When She Was Bad by Gabrielle Brant Freeman
Lust. Love. Betrayal and loyalty. Temptation and hilarity. Gabrielle Freeman dissects her speakers’ hearts, tenderly, with supreme attention to what it is to be human, female, and fierce. Gabrielle Freeman’s poems are bad—by which I mean badass bold. Michael Jackson bad. Freeman’s bad and you know it. That’s why you read her. When She Was Bad is a smart, compassionate, tightly crafted and explosive debut.
—Denise Duhamel, author of Blowout
Press 53 . PO Box 30314, Winston-Salem, NC 27130-0314
The Universal Physics of Escape by Elizabeth Gonzalez
Winner 2015 Press 53 Award for Short Fiction
Elizabeth Gonzalez is a master of dialogue, an artist at creating vivid settings, and an encyclopedia of knowledge about the world surrounding her characters. These stories uncover truths that makes the reading experience memorable and each story remarkable.
—Kevin Morgan Watson, Publisher, Press 53, who served as final judge
Crosscurrents and Other Stories by Gerry Wilson
Gerry Wilson's stories are about the essential tugs between desires: for safety or risk; for adventure or comfort; for sanctioned action or the indubitably un. Her characters are in mortal combat, most often with themselves. This is a very exciting and compelling collection of stories; I loved reading it.
–Antonya Nelson, author of Funny Once: Stories
Twelve Women in a Country Called America: Stories by Kelly Cherry
Kelly Cherry’s tenth work of fiction delivers twelve compelling stories about women of the American South. These are women struggling to find their way through the everyday workings of life while also navigating the maze of self. From a young woman’s nightmare piano lesson to an elderly woman’s luminous last breath, Twelve Women in a Country Called America takes readers on a journey sometimes dark, sometimes funny, and always enlightening.
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The Seven Stages of Anger and Other Stories
by Wendy J. Fox
Winner of the 2014 Press 53 Award for Short Fiction
What happens when a still life speaks? Wendy J. Fox invites us to eavesdrop. These beautiful, lyrical stories describe ordinary lives: speckled eggshells, creeping vines. Here’s the threat of fire out east and endless rain when the map meets Seattle. Here are characters so real you know them already. They’ve misplaced your keys and borrowed your car.
—Carol Guess, author of Darling Endangered and Doll Studies: Forensics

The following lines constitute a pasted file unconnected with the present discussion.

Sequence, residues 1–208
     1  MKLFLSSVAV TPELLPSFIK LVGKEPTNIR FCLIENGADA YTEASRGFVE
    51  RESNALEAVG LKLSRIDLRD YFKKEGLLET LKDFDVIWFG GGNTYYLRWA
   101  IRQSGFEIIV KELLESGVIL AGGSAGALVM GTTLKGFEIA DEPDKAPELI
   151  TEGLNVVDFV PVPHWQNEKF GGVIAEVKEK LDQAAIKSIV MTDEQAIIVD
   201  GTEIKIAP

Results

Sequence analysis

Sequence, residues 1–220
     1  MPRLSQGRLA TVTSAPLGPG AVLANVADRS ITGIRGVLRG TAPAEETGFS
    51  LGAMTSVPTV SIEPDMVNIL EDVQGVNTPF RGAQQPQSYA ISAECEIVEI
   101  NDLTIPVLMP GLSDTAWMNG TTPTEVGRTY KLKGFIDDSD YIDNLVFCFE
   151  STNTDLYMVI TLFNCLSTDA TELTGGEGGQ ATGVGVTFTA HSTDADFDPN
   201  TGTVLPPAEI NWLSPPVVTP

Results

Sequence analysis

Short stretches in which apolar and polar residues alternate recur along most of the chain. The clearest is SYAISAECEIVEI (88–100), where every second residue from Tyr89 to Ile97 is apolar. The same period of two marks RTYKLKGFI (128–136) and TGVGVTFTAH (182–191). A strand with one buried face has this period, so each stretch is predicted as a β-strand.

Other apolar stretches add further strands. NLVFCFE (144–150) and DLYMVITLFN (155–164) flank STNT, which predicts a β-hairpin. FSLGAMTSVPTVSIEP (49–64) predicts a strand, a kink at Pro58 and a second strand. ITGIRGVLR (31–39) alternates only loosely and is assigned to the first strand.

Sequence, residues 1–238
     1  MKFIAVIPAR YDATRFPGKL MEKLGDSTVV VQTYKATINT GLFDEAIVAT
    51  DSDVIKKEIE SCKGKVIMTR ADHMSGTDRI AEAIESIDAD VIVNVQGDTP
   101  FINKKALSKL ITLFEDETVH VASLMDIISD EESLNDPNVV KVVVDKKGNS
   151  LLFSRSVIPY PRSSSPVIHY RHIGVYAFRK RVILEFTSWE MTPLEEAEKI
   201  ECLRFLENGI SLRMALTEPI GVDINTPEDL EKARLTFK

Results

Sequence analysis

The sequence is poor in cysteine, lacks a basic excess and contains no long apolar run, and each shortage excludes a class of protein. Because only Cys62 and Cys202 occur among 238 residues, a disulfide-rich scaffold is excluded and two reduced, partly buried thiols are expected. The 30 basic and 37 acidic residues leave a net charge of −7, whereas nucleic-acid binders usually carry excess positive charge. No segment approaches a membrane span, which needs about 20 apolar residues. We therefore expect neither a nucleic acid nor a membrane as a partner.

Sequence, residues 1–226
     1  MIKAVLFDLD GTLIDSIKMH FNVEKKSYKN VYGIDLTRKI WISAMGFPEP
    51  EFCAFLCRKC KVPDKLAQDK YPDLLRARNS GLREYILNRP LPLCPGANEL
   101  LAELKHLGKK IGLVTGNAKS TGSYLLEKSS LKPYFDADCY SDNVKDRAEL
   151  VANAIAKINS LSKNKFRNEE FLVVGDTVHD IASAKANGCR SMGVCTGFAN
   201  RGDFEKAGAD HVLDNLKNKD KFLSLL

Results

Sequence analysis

Everywhere Stories: Short Fiction from a Small Planet, Volume II
edited by Clifford Garstang
From my first experience outside the United States as a Peace Corps Volunteer in South Korea, to my international law career and work for the World Bank. My travels have had a lasting impact on my writing and also on my reading. Like many people who travel, I’m drawn to stories set in exotic locations, both to places I’ve seen firsthand and countries with which I’m unfamiliar. That’s one way I learn about the world and discover new sites to visit. I hope you feel the same way, although there’s a certain village in Panama you might want to avoid.
—from the Introduction, by Clifford Garstang, editor
Fissures: One Hundred 100-Word Stories by Grant Faulkner
Grant Faulkner’s sharply observed, darkly funny, heart-breaking bursts of highly compressed prose offers a startling view of what reality might look like through a funhouse microscope. Fissures pushes the boundaries of flash prose, and thank goodness for that. Sometimes less is so much more.
—Dinty W. Moore, author of Dear Mister Essay Writer Guy: Advice and Confessions on Writing, Love, and Cannibals
Baby's on Fire by Liz Prato
In her terrific debut, Baby’s on Fire, Liz Prato pulls off the ultimate balancing act: the stories are at once beautifully written and tremendously compelling—not to mention filled with characters so full of life that they feel as real as people we know. A knockout collection.
—Molly Antopol, author of The UnAmericans
560 N. Trade St, Ste 103
Winston-Salem, NC 27101
In the Season of Blood & Gold by Taylor Brown
With ferocious economy and a great big heart, Taylor Brown writes one of the best debuts I've ever picked up. These are stories, verses, meditations, and accusations—everything, in short, you could hope to get from important fiction. This work demands your attention.
—Charles Dodd White, author of A Shelter of Others
a scrap of linen, a bone by Ginger Murchison
A Tom Lombardo Poetry Selection
These are made poems. These are earned poems. These are poems of a full-fledged grownup who understands and celebrates the “slow hungers” that “breathe / beneath leveled dreams, / the South’s muscular sky / painted over now, paler blue.” This book will offer you welcome and pleasure.
—Thomas Lux, author of Child Made of Sand
Hard Toward Home by C.D. Albin